Greater and less than can be easily confused, but Snappy uses visual representation to make it all so much clearer.
Use this teaching resource to refer to Snappy and visualize which way the symbol has to go in order to represent greater or less than values. He always bites the bigger number…
This teaching resource includes:
- 1 x greater than poster
- 1 x less than poster
- 1 x greater than Snappyimage (whole body)
- 1 x less than Snappyimage (whole body)
- 1 x greaterthan sign with Snappy in background image (head only)
- 1 x less than sign with Snappy in background image (head only)
- black and white greater than and less than Snappy images.
Download this resource as part of a larger resource pack or Unit Plan.
Common Core Curriculum alignment
Identify whether the number of objects in one group is greater than, less than, or equal to the number of objects in another group, e.g., by using matching and counting strategies.
Compare two two-digit numbers based on meanings of the tens and ones digits, recording the results of comparisons with the symbols >, =, and <.
Compare two three-digit numbers based on meanings of the hundreds, tens, and ones digits, using >, =, and < symbols to record the results of comparisons.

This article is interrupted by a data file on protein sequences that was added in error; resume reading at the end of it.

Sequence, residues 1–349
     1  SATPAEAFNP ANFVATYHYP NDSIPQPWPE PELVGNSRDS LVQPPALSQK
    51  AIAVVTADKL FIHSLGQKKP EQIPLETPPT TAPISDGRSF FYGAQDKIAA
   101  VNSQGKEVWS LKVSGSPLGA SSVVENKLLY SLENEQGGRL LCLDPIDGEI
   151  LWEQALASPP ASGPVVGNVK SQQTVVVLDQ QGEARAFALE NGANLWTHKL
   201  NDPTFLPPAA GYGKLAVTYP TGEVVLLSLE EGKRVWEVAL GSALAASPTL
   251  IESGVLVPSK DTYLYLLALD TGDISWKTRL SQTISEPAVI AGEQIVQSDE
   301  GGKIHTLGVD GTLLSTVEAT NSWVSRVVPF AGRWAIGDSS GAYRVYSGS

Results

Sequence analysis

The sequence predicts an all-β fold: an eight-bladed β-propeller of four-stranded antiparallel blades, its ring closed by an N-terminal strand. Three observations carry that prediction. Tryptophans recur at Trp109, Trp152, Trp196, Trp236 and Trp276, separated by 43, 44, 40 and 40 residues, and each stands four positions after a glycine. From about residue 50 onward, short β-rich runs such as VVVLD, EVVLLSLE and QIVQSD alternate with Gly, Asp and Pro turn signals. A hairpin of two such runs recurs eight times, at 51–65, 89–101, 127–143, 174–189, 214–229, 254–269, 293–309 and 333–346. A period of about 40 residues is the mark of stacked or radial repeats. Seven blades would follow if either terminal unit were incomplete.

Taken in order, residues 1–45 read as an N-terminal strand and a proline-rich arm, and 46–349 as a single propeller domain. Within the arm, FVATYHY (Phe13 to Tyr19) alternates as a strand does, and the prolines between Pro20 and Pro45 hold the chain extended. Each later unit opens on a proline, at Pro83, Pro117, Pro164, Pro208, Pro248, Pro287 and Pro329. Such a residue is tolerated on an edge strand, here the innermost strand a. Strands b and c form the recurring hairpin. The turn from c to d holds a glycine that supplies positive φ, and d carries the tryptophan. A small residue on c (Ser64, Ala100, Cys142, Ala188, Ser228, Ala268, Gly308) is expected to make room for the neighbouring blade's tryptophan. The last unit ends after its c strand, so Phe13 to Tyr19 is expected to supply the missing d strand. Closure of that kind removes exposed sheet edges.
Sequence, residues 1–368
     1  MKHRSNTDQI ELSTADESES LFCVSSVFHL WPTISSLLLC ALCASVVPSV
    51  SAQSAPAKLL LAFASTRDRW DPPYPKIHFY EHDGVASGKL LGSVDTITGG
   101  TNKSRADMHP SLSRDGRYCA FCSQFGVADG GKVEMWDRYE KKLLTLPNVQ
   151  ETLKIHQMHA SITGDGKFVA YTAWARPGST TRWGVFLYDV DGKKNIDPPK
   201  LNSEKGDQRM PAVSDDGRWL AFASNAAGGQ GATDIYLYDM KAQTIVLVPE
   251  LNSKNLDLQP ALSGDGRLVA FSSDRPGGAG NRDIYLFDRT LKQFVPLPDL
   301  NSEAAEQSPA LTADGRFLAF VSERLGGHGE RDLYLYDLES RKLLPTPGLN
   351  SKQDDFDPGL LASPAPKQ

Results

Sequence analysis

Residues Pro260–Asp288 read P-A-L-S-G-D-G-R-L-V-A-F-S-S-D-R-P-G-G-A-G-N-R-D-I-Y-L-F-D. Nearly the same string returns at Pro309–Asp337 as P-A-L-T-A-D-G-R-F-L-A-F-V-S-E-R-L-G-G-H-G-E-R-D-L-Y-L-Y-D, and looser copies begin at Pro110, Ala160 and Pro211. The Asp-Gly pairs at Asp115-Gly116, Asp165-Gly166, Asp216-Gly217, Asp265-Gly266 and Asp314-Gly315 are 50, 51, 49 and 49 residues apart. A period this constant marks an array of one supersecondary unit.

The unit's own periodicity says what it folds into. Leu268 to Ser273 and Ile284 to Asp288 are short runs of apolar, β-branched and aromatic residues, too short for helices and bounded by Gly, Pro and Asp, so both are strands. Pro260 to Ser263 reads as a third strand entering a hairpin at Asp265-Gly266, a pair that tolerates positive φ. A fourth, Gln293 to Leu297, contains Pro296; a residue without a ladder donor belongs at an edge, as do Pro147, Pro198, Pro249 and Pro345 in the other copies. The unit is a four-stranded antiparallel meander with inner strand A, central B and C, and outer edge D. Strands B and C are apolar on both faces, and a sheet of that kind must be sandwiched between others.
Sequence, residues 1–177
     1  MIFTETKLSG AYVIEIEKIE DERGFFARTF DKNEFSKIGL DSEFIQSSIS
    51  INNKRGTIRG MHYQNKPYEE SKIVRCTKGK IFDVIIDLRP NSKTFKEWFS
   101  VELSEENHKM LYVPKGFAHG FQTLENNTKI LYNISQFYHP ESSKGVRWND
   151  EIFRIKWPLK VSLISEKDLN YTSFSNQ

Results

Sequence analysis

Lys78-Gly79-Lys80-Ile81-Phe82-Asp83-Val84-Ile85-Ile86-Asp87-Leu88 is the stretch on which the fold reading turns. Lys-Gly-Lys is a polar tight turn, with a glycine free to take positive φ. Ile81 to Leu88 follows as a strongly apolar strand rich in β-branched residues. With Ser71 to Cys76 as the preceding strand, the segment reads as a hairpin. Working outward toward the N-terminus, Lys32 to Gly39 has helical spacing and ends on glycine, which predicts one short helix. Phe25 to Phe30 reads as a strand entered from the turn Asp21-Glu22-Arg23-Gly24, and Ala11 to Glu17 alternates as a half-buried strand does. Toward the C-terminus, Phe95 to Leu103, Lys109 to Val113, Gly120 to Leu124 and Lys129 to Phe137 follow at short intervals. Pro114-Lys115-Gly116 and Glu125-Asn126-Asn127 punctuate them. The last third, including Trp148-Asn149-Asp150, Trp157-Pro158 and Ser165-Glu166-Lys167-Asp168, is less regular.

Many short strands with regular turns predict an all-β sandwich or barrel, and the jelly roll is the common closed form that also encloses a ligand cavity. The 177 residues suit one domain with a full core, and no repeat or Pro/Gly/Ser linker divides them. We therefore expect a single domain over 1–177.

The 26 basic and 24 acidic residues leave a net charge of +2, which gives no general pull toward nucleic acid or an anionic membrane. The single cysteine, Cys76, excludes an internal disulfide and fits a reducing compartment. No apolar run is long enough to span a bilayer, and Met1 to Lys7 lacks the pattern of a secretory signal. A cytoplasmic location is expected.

Read and write multi-digit whole numbers using base-ten numerals, number names, and expanded form. Compare two multi-digit numbers based on meanings of the digits in each place, using >, =, and < symbols to record the results of comparisons.
Compare two fractions with different numerators and different denominators, e.g., by creating common denominators or numerators, or by comparing to a benchmark fraction such as 1/2. Recognize that comparisons are valid only when the two fractions ref...
Compare two decimals to hundredths by reasoning about their size. Recognize that comparisons are valid only when the two decimals refer to the same whole. Record the results of comparisons with the symbols >, =, or <, and justify the conclusion...
Compare two decimals to thousandths based on meanings of the digits in each place, using >, =, and < symbols to record the results of comparisons.
Interpret statements of inequality as statements about the relative position of two numbers on a number line diagram. For example, interpret -3 > -7 as a statement that -3 is located to the right of -7 on a number line oriented from left to right.
Write, interpret, and explain statements of order for rational numbers in real-world contexts. For example, write -3 oC > -7 oC to express the fact that -3 oC is warmer than -7 oC.
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